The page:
If you're familiar with machine transcribed audio, you may still be a little fuzzy on its actual uses. You may think of video captions as something only used by film production companies, added hastily in some dark back room as a final step before a release. Maybe your view of transcripts is that they're only ever used for court hearings and always typed up by a professional stenographer.
Audio-based text may seem like an incredibly manual thing to generate just to be used pretty infrequently, but that's just not the case - and while the potential uses of machine transcribed audio may be a mystery to you now, it's guaranteed that you've already encountered one or more without even realizing it.
Here are a few everyday ways you engage with automatic transcriptions, and the software used to generate them, and may not even know:
Passive Television Viewing
If you've ever sat in a nail salon, eaten at a diner, or walked into a convenience store, you may have noticed a television or two somewhere within vicinity of your fellow patrons that's more than likely set to a news channel, or something similar. But with all the existing noise in these spaces there's no way you'd ever be able to hear what's going on, yet I'll bet you've been in similar situations and have been able to follow the current news cycle just fine. That's because these channels often have captions enabled while they're playing. Captions aren't just for the hearing impaired or for those British shows you love but can never actually follow based on audio alone - they also allow you to engage in content in any situation, not just when you're in the comfort of your own living room.
Transcripts are an incredibly useful tool used to both create and consume content within podcasts. Having a transcript allows editors to easily make changes to their current episode or even allows them to create a script for future ones with a few copy/paste maneuvers. On the flip side, there are always listeners who need an accompanying transcript in order to enjoy these episodes. Automatically generating this text content allows the work to be done quickly without much manual effort, and allows creators to spend more time on the quality of their main line of work rather than on typing out a document to support it. It also allows for listeners to engage with episodes in a different way instantly without any additional steps and ensures accessibility for all audiences.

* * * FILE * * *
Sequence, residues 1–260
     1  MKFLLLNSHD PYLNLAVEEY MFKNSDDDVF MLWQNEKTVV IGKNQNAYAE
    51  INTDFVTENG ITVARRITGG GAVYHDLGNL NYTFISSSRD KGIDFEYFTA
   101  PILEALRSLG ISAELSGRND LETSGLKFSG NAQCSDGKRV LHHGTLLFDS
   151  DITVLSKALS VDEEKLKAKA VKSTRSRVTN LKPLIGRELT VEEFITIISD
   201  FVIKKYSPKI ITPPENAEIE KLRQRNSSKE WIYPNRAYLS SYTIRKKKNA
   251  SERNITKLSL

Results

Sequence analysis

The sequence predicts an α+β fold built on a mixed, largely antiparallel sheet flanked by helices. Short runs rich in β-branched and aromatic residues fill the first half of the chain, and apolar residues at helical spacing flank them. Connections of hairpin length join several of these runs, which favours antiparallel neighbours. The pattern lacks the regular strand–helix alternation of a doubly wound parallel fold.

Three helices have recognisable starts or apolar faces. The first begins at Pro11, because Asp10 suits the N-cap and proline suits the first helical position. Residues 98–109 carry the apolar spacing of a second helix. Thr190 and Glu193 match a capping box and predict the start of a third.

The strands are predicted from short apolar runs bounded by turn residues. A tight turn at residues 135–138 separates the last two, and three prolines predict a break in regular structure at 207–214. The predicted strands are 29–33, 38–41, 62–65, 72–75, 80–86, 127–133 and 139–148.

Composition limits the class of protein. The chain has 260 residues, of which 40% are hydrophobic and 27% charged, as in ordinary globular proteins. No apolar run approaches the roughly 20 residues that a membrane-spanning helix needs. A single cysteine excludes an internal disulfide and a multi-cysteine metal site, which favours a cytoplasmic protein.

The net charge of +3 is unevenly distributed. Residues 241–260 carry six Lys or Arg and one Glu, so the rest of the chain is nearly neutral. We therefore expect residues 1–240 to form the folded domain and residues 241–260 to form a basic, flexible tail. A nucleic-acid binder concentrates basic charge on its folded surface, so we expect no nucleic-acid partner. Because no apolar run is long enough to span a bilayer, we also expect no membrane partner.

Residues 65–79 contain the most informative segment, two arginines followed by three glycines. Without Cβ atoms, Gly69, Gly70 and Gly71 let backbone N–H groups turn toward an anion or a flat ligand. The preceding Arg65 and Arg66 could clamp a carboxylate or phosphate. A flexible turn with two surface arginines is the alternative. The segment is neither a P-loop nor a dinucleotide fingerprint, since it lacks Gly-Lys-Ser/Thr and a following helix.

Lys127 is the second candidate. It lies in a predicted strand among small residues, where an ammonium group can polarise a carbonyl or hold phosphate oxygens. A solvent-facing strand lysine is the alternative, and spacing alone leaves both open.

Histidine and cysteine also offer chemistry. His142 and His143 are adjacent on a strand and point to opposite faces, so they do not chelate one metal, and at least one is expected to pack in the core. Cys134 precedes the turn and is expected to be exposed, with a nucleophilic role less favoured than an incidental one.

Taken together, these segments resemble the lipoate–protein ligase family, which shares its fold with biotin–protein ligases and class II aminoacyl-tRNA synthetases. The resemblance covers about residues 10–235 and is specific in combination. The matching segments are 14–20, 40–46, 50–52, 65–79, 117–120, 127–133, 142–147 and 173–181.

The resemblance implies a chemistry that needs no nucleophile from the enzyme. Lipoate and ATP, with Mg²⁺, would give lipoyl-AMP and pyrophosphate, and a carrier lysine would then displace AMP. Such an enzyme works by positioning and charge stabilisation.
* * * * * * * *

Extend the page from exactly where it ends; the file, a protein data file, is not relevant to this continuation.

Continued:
Contacting Customer Service
If you've ever had to make a call to customer service (or basically any department of a larger business for that matter), you've likely been greeted with an automated message before being able to speak with an actual human. This last message you hear, among all the others, is usually something along the lines of your upcoming conversation being recorded for quality and training purposes. But what does this really mean? Is an audio file of your complaint about slow internet stored on some customer service rep's desktop computer from now until the end of time? Well, the answer is... maybe. But often it's more likely that a transcript of your call is kept instead of the actual call itself. This is an optimal choice on the business' end for a lot of reasons, but the main one is storage. You can keep much more text-based information in a digital drive than you would be able to with audio material, so going with transcripts over mp3 files is often the more economical route.
There are so many ways that automated transcription creeps into our lives every single day, but the best way to experience this tool is by using it yourself.
Get started today by visiting Vocalmatic!